Certain foods offer the perfect nutritious environment for bacteria growth.
To prevent bacteria from growing and multiplying, these foods require time and temperature control to keep them safe.
However, you may wonder which foods require time and temperature control for safety.
This article explains everything you need to know about time and temperature control for safety, and which foods items require these controls.
What are TCS foods?
Some foods grow bacteria more easily and quickly than other foods since they are rich in protein and moisture.
These foods are called time and temperature control for safety (TCS) foods because they require time and temperature controls to prevent bacteria from growing and multiplying.
TCS foods are also referred to as potentially hazardous foods (PHFs).
Here is a list of TCS foods:
- cheese and milk
- meats, poultry, and seafood
- cooked pasta and rice, baked potatoes, and tofu
- cut melons, tomatoes, carrots, and leafy greens
- bakery items, cooked pizza, and deli meats
- garlic-in-oil mixtures
- raw seed sprouts
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Conversely, non-TCS foods include:
- air-cooled hard-boiled eggs and pasteurized eggs with shells
- shelf-stable products, like flour, uncooked rice, and snacks
- foods containing preservatives or packed with reduced oxygen
- unprepared or uncut fruits and vegetables
- herbs and seasonings
Unsafe handling can contaminate ice and make it unsafe, but it is not a TCS food.
Food items that need time and temperature control for safety are known as TCS foods. Some examples of TCS foods include milk products, meats, poultry, seafood, and certain cut vegetables and fruits.
How to keep TCS foods safe
As the name suggests, TCS foods require time and temperature controls to keep them safe from time-temperature abuse.
When food stays in the temperature danger zone for too long, bacteria grow and multiply to unsafe levels.
The temperature danger zone for food handlers and others in foodservice is between 41ºF and 135ºF (5ºC and 57ºC).
Never allow TCS foods to stay in the temperature danger zone for more than four hours.
If you are hot-holding TCS foods like rice or meat, and notice that it has dipped below 135ºF (57ºC), you can recondition it if it has been less than four hours since you checked the temperature.
Reconditioning is the process of reheating food to 165ºF (74ºC) for 15 seconds to kill any bacteria that may have grown.
Always toss TCS food if it has remained in the temperature danger zone for longer than four hours.
You may also need to recondition previously hot-held food if you cannot cool the leftovers quick enough using the two-stage cooling method.
Finally, while refrigeration is excellent at slowing bacterial growth, it doesn’t prevent it.
Therefore, if you plan to save TCS food for longer than 24 hours, always use a label to mark the date or day by which it needs to be sold, eaten, or thrown out.
You can keep TCS foods refrigerated for up to seven days, with the day you opened the container or package counting as day 1.
For multi-ingredient dishes, mark the date of the earliest- or first-prepared ingredient.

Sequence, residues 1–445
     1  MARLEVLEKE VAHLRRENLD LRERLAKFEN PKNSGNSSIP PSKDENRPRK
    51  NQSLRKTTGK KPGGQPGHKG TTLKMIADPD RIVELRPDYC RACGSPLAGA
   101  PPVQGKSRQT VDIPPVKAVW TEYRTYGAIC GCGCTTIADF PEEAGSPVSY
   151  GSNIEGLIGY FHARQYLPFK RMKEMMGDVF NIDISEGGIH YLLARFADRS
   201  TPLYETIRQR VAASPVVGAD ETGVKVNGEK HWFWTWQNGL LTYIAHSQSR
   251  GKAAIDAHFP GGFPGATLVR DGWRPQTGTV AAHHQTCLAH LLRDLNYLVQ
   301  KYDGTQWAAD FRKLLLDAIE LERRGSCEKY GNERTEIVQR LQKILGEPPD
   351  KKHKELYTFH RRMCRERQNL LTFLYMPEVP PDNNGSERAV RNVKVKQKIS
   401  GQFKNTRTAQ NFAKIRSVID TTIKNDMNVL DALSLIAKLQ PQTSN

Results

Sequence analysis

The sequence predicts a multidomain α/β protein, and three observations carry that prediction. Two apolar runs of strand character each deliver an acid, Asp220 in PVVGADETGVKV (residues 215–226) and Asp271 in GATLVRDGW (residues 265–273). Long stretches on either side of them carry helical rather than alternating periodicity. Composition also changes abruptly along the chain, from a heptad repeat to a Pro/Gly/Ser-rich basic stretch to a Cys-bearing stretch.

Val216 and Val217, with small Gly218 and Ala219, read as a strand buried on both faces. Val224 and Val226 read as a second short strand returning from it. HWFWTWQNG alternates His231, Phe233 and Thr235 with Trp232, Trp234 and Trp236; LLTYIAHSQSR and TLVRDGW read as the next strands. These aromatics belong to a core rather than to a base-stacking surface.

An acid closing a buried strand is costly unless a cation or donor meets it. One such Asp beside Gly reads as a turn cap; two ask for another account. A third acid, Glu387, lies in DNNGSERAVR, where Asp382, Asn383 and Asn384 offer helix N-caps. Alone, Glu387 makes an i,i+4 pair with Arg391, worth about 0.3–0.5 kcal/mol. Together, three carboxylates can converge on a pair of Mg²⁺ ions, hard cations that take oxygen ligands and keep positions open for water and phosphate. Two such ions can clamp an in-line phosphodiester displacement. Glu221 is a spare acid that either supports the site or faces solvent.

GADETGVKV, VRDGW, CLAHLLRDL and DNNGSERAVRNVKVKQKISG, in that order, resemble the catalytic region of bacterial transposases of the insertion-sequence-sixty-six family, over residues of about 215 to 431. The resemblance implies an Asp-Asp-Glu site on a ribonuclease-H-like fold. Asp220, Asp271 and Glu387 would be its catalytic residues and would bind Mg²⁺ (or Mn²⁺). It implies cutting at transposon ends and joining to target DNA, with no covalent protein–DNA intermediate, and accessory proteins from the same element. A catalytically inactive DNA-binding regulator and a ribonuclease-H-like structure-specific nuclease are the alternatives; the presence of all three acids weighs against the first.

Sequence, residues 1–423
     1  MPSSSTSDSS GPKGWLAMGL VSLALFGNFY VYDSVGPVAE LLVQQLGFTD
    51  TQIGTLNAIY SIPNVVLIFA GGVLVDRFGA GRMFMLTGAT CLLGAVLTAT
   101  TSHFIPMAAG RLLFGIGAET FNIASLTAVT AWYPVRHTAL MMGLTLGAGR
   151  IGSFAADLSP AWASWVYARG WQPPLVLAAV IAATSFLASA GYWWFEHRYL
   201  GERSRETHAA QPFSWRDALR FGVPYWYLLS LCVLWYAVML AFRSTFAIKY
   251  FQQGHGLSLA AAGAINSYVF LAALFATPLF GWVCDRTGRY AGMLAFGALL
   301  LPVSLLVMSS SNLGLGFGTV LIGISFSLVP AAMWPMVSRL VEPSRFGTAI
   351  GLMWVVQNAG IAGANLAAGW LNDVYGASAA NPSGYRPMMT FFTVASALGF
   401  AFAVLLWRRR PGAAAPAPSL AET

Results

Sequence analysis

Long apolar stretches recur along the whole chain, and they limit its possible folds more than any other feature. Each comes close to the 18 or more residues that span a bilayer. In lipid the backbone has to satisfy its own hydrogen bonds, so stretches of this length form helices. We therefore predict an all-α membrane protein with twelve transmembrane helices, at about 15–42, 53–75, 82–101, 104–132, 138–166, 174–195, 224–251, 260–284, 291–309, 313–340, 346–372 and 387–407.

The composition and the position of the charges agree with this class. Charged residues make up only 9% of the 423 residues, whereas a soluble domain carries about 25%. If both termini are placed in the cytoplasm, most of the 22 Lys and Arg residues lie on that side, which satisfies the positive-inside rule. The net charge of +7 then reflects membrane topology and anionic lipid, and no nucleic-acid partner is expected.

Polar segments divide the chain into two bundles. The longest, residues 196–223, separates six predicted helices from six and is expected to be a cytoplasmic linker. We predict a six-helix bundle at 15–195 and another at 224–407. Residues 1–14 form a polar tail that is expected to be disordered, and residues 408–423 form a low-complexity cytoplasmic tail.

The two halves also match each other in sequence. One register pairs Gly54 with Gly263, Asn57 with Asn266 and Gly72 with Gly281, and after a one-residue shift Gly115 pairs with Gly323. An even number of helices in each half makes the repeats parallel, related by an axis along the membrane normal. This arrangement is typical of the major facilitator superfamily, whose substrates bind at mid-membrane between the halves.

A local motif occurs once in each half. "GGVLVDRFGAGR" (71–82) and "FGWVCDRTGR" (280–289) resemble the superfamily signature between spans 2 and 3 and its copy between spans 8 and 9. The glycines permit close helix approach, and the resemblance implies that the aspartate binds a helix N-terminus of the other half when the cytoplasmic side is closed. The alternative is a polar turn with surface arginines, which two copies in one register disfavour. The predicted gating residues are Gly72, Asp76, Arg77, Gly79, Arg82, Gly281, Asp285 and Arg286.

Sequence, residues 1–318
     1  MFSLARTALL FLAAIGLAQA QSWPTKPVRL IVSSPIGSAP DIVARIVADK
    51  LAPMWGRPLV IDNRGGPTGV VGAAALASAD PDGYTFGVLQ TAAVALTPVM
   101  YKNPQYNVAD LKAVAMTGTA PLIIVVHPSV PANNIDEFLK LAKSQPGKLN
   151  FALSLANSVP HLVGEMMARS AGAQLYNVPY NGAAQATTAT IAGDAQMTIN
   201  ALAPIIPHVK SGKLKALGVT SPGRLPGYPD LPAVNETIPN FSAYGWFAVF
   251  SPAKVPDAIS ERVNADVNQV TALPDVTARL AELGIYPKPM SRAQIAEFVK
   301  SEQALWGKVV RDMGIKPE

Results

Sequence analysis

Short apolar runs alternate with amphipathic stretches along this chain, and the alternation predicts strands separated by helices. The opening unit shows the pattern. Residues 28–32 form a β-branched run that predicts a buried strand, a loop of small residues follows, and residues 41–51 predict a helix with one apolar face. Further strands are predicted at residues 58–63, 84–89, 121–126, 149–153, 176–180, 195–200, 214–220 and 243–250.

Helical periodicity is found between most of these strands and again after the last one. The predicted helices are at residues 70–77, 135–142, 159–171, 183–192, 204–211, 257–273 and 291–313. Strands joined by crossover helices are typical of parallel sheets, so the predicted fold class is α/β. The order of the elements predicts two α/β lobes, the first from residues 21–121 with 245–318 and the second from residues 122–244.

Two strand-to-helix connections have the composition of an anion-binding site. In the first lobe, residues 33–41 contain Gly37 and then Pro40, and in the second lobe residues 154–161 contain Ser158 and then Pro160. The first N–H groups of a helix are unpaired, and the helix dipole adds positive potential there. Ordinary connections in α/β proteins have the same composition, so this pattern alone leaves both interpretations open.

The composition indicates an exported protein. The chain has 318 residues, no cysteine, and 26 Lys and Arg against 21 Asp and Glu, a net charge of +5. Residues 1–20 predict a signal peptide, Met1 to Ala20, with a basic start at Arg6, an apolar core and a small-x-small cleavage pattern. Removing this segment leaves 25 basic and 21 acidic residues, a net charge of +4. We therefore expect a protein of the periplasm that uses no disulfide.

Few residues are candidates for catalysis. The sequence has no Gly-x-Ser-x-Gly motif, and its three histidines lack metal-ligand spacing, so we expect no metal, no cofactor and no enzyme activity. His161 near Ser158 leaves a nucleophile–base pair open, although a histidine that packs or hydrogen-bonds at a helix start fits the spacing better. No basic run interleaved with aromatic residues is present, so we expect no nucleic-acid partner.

Cooking TCS food to the proper internal temperature is necessary to kill any bacteria that may be present.
Cooking a TCS food like chicken just a few degrees below its minimum internal temperature can allow harmful bacteria to survive and make people sick.
Thus, it’s essential that you know the safe minimum internal temperatures of TCS food and ensure that you cook them to that temperature.
Here are the minimum internal temperatures that you must know for TCS foods:
- 135ºF (57ºC): Plant foods that are cooked for hot-holding like rice or pasta.
- 145ºF (63ºC) for 15 seconds: Eggs served immediately and intact meats and seafood.
- 145ºF (63ºC) for 4 minutes: Roasts.
- 155ºF (68ºC) for 17 seconds: Cooked, ground, tenderized, or flavor-injected meats and hot-held eggs.
- 165ºF (74ºC) < 1 second (instantaneous): All poultry, stuffed meats, and stuffed pasta.
While important, cooking TCS food to the proper internal temperature is only half of what you need to do to keep them safe — you must also hold and store them at safe temperatures.
Recall that anytime food reaches higher than 41ºF (5ºC) or below 135ºF (57ºC), it enters the temperature danger zone where bacteria thrive.
Therefore, it’s important to store TCS food outside of the temperature zone at all times, and monitor the temperature regularly using a calibrated thermometer.
This includes food that you hot- or cold-hold for service, as well as for foods that you keep in cold storage.
To keep TCS food safe, don’t allow them to stay in the temperature danger zone for longer than four hours. Also, always cook TCS foods to the proper minimum internal temperature, and store or hold them at a temperature outside of the danger zone.
The bottom line
Food items that need time and temperature controls to keep them safe are known as TCS foods.
Examples of TCS foods include animal products, certain cut vegetables and fruits, cooked plant foods like rice, garlic-in-oil mixtures, raw seed sprouts, and certain ready-to-eat foods like cooked pizza.
To keep TCS foods safe, don’t hold them in the temperature danger zone for longer than four hours, cook them to the proper minimum internal temperature, and hold them for service or storage at a temperature outside of the danger zone.
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